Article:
By October of that year, three months into my self-imposed exile, I was working at an office in the nicest part of Mexico City.  I had new friends, gone on a few “interesting” dates and was just about to apply to a Mexican airline when I got a phone call.  My grandmother had fainted and was being rushed to urgent care.  When I arrived at the hospital she had regained consciousness but was very dizzy and nauseous.  I held her hand in the back seat of the car as we drove across town to a specialist for a diagnosis. She held smelling salts to her nose to keep from vomiting and I held a bucket in case they failed. The doctor told her she was lucky to be alive, an aneurysm had burst and she needed an emergency operation.  We were walking into the hospital to have her admitted as a large family burst into tears having gotten some terrible news.  I took it as a sign that I was about to lose my grandmother. The operation was postponed from Friday to Monday, confirmation that it was the end because it gave my mother time to get there and be with her.  I remember telling her to get better so that we could travel together.  She smiled and nodded as they wheeled her away. She never recovered from the surgery and passed away a few days later just seconds after my father arrived with my siblings.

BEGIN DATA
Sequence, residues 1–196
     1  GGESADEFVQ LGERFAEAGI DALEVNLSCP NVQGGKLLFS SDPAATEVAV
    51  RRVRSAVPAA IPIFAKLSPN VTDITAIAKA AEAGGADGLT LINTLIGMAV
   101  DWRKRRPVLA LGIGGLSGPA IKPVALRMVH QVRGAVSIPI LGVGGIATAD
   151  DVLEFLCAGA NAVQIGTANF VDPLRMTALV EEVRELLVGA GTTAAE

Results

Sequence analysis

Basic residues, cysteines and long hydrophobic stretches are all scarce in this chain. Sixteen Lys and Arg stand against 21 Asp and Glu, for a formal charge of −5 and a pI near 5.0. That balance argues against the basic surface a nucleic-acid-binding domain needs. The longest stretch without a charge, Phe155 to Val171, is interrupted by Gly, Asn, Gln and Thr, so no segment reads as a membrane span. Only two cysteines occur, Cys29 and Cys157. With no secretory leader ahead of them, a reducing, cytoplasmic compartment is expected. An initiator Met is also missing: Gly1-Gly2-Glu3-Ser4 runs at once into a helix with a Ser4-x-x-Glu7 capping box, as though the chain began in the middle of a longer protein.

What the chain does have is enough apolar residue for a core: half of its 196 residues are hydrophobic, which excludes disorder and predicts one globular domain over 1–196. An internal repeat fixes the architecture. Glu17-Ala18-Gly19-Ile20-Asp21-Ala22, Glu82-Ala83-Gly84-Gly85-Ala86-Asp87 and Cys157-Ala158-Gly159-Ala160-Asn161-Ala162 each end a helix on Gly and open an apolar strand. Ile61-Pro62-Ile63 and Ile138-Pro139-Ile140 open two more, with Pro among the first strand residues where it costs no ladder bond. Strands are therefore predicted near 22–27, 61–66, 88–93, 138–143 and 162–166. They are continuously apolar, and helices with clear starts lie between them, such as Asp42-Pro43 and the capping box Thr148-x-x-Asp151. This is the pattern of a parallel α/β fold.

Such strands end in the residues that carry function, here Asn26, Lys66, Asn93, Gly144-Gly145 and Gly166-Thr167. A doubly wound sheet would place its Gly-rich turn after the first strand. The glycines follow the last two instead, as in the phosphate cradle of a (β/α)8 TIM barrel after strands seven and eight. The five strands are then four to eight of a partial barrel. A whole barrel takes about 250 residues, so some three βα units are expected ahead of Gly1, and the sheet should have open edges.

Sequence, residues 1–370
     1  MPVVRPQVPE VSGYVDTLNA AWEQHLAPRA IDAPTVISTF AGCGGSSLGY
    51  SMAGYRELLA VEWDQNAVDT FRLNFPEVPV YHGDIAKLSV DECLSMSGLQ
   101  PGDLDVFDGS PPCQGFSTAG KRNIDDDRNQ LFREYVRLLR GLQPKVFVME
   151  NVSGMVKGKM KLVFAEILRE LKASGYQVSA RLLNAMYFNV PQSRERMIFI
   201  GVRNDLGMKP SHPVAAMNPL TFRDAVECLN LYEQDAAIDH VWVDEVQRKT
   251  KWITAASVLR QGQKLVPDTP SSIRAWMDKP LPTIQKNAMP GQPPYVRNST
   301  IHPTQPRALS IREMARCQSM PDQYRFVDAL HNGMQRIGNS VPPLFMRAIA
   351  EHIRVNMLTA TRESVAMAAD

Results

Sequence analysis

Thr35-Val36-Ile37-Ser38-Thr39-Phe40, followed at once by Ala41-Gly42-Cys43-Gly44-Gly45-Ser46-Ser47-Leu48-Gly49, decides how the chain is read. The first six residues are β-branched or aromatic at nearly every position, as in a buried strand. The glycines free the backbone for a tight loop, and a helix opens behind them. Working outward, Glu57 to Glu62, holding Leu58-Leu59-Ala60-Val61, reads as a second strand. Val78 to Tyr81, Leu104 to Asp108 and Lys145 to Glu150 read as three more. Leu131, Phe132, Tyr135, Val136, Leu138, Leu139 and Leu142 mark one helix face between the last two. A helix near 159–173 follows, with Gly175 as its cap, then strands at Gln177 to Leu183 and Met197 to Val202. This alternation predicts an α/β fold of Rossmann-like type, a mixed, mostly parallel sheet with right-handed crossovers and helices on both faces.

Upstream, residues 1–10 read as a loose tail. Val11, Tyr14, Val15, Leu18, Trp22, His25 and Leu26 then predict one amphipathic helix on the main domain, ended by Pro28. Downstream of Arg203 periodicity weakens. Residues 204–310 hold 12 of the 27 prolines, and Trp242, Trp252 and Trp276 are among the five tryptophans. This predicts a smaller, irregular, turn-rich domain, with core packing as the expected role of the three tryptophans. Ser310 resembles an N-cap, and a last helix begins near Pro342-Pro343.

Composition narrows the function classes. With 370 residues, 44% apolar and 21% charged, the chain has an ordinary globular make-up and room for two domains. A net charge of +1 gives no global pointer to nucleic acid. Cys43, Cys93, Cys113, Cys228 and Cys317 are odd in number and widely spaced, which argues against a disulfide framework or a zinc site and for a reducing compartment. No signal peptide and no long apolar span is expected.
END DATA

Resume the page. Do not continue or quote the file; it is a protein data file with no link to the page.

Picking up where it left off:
Without my grandmother, the new life I was considering was no longer appealing.  I came back to LA, went to college, met someone, had two boys, got divorced, met another someone, fell in love (real love) and despite our recent loss have been happy together for nearly twenty-three years.  I look back on my life and realize that my grandmother has been right there all along.  Not only is this man, my saint, my best friend and the love of my life, we’ve been fortunate to travel together nearly everywhere my grandmother ever wanted to go.  I’ve made it to France, Spain (twice), England, Italy and Greece. We’ve visited many states within the US, gone on cruises, and been back to Mexico many times.  I don’t know where our next adventure may take us but I do know my grandmother (with Gus’ added help) is making it all possible.  Participate in your life don’t watch it go by.